break seen as a C archaism
kevinb at google.com
Tue Mar 13 19:32:51 UTC 2018
On Fri, Mar 9, 2018 at 3:21 PM, Louis Wasserman <lowasser at google.com> wrote:
Simplifying: let's call normal cases in a switch simple if they're a single
> statement or a no-op fallthrough, and let's call a default simple if it's a
> single statement or it's not there at all.
> Among switches apparently convertible to expression switches,
> - 81% had all simple normal cases and a simple default.
> - 5% had all simple normal cases and a nonsimple default.
> - 12% had a nonsimple normal case and a simple default.
> - 2% had a nonsimple normal case and a nonsimple default.
> I was surprised it was as high as 19%, so I grabbed a random sample of
these 45 occurrences from Google's codebase and reviewed them. My goal was
to find evidence that multi-statement cases in expression switches are
important and common. Spoiler: I found said evidence underwhelming.
There were 3 that I would call false matches (e.g. two that simply used a
void `return` instead of `break` after every case without reason).
There were fully 20 out of the remaining 42 that I quickly concluded should
be refactored regardless of anything else, and where that refactoring
happens to leave them with only simple cases and simple/no default. These
refactorings were varied (hoist out code common to all non-exception cases;
simplify unreachable code; change to `if` if only 1-2 cases; extract a
method (needing only 1-2 parameters) for a case that is much bigger than
the others; switch from loop to Streams; change `if/else` to ?:; move a
precondition check to a more appropriate location; and a few other varied
Next there were 7 examples where the non-simple cases included
side-effecting code, like setting fields or calling void methods. In Google
Style I expect that we will probably forbid (or at least strongly dissuade)
side effects in expression switch. I should probably bring this up
separately, but I am pretty convinced by now that users should see
expression switch and procedural switch as two completely different things,
and by convention should always keep the former purely functional.
Next there were 7 examples where a case was "non-simple" only because it
was using the "log, then return a null object (or null), instead of
throwing an exception" anti-pattern. I was surprised this was that popular.
and another 2 that used the "log-and-also-throw" anti-pattern.
2 examples had a use-once local variable that saved a *little* bit of
nesting. I wouldn't normally refactor these, but if expression switch had
no mechanism for multi-statement cases, I wouldn't think twice about it.
1 example had cases that looked nearly identical, 3 statements each, that
could all be hoisted out of the switch, except that the types that differed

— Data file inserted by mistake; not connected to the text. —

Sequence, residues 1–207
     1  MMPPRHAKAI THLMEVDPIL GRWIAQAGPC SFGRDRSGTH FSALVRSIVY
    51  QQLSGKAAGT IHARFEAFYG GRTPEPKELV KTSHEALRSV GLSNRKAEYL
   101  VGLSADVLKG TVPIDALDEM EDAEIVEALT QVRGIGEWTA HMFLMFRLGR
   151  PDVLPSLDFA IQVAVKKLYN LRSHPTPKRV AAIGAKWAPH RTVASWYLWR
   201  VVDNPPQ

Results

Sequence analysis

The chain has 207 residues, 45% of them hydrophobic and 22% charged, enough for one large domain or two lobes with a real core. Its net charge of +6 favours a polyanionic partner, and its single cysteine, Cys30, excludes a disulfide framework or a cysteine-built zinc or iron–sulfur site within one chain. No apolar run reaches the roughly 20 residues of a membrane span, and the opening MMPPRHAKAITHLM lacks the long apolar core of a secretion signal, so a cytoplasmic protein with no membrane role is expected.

across the three didn't implement a common interface (as they clearly
should have). Slightly compelling.
1 example had all simple cases except that one also wanted to check an
assertion. Okay, slightly compelling.
Finally, the cases that were the most compelling to me: 3 examples had one
or more large cases, where factoring them out into helper methods would
imho be ugly because >=3 parameters would be required. If expression switch
didn't permit multi-statement cases, I would just keep them as procedural
switches. It's only 3 out of 42.
imho, early signs suggest that the grossness of `break x` is not *nearly*
justified by the actual observed positive value of supporting
multi-statement cases in expression switch. Are we open to killing that, or
would we be if I produced more and clearer evidence?
> On Fri, Mar 9, 2018 at 2:56 PM Brian Goetz <brian.goetz at oracle.com> wrote:
>> Did you happen to calculate what percentage was _not_ the "default"
>> case? I would expect that to be a considerable fraction.
>> On 3/9/2018 5:49 PM, Kevin Bourrillion wrote:
>> On Fri, Mar 9, 2018 at 1:19 PM, Remi Forax <forax at univ-mlv.fr> wrote:
>> When i asked what we should do instead, the answer is either:
>>> 1/ we should not allow block of codes in the expression switch but
>>> only expression
>>> 2/ that we should use the lambda syntax with return, even if the
>>> semantics is different from the lambda semantics.
>>> I do not like (1) because i think the expression switch will become
>> In our (large) codebase, +Louis determined that, among switch statements
>> that appear translatable to expression switch, 13.8% of them seem to
>> require at least one multi-statement case.
Kevin Bourrillion | Java Librarian | Google, Inc. | kevinb at google.com
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